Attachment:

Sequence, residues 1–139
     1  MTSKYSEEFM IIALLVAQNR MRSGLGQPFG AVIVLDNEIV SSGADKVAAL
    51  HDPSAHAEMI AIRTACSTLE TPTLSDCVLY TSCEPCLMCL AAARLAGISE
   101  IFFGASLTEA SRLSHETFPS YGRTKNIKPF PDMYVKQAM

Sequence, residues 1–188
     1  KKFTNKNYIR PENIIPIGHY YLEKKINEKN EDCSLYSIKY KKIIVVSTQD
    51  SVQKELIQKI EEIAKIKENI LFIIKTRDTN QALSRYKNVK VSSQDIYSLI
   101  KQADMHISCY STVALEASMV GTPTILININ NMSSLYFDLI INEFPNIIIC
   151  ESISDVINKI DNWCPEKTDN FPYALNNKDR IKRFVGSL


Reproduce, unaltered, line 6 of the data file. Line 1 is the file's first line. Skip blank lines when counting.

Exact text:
     1  KKFTNKNYIR PENIIPIGHY YLEKKINEKN EDCSLYSIKY KKIIVVSTQD